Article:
Guwahati, July 6: A man claiming to be P.C. Ram called his family in Ghaziabad to say he was “safe and well” within 24 hours of an Ulfa-engineered resurrection of the man who the world knows as dead.
Police quoted the FCI executive director’s befuddled son Pravin as saying that the man whose call he took around 4.15pm today sounded “quite like my father”. A neighbour who answered the phone when The Telegraph tried to get a confirmation of the development said Ram’s family members were “asleep”.
A senior police officer involved in the investigation into the abduction and murder case said the man who could or would be Ram even spoke to Pravin’s mother Padmavati and his sister Nirja. Both, he said, were almost convinced that the voice of the caller matched that of Ram.
The “voice” told the family that they should not worry about his diabetes as his abductors had arranged for “some kind of medical treatment”.
Ulfa claimed yesterday that the body that was dug out from a pit on a riverbank in Baksa district last weekend was actually that of an “army informer”.
Pravin had confirmed on Sunday that the body was that of his father and took it to New Delhi for cremation.
As many as 22 people, including Ram’s FCI colleagues and his adopted daughter June Murmu, had identified the body.
The latest twist in the tale has forced the police to opt for a DNA test of nail and skin samples retained from the body confirmed as Ram’s.
Additional superintendent of police Rajen Singh said the FCI official’s family requested a DNA test, too, after hearing of Ulfa’s claim that he was alive and in its custody. “A member of the special investigating team will be leaving for Hyderabad with samples of skin and nails for tests at the Centre for DNA Fingerpinting and Diagnostics.”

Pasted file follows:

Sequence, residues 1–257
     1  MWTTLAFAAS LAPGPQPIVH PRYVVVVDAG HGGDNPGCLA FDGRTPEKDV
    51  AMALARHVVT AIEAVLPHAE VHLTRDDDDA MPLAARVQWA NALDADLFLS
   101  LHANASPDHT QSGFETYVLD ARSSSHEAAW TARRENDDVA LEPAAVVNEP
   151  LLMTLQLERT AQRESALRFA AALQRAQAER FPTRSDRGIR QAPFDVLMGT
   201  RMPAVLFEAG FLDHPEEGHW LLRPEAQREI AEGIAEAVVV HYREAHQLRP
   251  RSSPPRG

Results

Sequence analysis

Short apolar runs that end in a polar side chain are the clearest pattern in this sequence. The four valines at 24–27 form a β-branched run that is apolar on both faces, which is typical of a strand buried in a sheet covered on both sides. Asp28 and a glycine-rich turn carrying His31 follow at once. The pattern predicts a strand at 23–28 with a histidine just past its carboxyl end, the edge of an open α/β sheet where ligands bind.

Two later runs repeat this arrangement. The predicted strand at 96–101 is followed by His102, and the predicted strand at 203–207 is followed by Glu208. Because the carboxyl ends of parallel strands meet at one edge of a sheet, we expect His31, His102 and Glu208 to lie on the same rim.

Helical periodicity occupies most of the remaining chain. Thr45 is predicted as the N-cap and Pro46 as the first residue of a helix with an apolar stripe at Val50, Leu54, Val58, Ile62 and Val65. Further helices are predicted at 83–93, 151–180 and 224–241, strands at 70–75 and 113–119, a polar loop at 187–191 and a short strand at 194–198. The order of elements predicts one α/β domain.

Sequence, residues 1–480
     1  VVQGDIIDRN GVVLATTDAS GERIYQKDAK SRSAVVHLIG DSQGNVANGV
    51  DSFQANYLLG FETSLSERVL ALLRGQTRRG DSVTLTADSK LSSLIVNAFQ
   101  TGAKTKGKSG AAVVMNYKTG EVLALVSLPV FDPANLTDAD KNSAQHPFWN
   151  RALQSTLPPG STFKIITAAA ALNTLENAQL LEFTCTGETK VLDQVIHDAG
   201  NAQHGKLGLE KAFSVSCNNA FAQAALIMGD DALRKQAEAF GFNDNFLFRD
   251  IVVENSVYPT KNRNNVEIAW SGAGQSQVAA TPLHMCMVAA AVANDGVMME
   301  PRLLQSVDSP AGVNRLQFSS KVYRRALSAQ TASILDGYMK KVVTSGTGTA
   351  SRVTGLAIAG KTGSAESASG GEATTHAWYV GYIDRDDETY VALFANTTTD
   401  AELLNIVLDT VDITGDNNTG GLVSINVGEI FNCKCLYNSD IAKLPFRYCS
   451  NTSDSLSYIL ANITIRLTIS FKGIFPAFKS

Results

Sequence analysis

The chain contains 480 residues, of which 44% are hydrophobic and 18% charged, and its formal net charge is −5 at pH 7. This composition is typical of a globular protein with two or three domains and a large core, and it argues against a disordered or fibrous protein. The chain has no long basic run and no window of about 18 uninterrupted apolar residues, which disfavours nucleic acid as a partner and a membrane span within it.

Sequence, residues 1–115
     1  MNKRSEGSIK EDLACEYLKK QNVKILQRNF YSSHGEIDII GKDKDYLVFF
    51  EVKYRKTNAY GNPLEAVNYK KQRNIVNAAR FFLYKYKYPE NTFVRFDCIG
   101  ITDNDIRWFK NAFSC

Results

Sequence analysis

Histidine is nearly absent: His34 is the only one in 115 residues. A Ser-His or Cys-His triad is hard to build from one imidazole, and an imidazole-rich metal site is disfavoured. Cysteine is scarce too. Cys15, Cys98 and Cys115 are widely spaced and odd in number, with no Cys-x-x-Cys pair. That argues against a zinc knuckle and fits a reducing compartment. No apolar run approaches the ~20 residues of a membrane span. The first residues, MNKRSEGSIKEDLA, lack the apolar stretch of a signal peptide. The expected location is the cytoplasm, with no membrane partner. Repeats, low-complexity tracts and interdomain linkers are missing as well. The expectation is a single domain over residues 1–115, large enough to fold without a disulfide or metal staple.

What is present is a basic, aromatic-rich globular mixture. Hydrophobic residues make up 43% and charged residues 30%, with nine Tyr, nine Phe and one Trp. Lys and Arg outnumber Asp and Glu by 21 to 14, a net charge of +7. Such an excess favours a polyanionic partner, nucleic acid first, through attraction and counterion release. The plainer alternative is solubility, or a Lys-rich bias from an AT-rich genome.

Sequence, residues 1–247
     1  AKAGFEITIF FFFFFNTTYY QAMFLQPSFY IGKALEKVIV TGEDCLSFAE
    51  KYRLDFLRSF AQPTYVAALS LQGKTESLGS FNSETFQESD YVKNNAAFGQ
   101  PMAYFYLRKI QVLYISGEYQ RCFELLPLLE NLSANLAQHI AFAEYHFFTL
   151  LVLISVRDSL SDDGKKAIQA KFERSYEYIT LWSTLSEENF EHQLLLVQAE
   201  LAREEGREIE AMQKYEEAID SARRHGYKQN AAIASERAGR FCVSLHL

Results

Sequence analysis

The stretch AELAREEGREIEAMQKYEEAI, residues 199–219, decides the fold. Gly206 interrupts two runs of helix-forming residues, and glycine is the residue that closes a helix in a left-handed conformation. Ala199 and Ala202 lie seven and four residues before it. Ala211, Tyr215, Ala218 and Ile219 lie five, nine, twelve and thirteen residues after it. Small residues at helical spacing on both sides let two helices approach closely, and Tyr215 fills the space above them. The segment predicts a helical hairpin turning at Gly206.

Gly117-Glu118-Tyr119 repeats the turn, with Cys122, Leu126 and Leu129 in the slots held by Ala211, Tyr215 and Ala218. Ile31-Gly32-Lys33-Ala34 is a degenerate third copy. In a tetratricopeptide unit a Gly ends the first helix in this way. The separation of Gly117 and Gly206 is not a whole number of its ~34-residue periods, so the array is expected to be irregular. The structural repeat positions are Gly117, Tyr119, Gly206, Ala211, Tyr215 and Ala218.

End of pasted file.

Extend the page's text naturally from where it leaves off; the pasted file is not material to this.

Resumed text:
Pravin confirmed that he requested a DNA test “to be certain” that the body he brought from Baksa was his father’s and not somebody else’s.
The body was traced 74 days after Ram was taken hostage while returning from office to his Guwahati apartment. His driver was abducted, too, but freed a few days later.
Pravin, an MBA student, said his family had nothing to lose by getting a DNA test done. “Ulfa's claim has given us a thin ray of hope.”
The police top brass went into a huddle this morning at the behest of the Union home ministry to discuss the “confusion” arising out of Ulfa’s claim.
G.P. Singh, the deputy inspector-general of police in charge of the central western range, said Ulfa’s claim was “nothing more than a ploy to keep criticism at bay for as long as possible”. He recalled that the militant group had employed the same tactic after the abductions of Sanjoy Ghose and Russian engineer Sergei Gritchenko.
Another police official said it might be a plan by Ulfa to extract more money. Ram’s family paid Rs 16 lakh to the militant group as the first instalment of the ransom.
An Ulfa militant called the family on the very day Ram’s body was found to demand the second instalment.
The FCI head-office in New Delhi demanded a full-fledged inquiry “to bring out the truth”.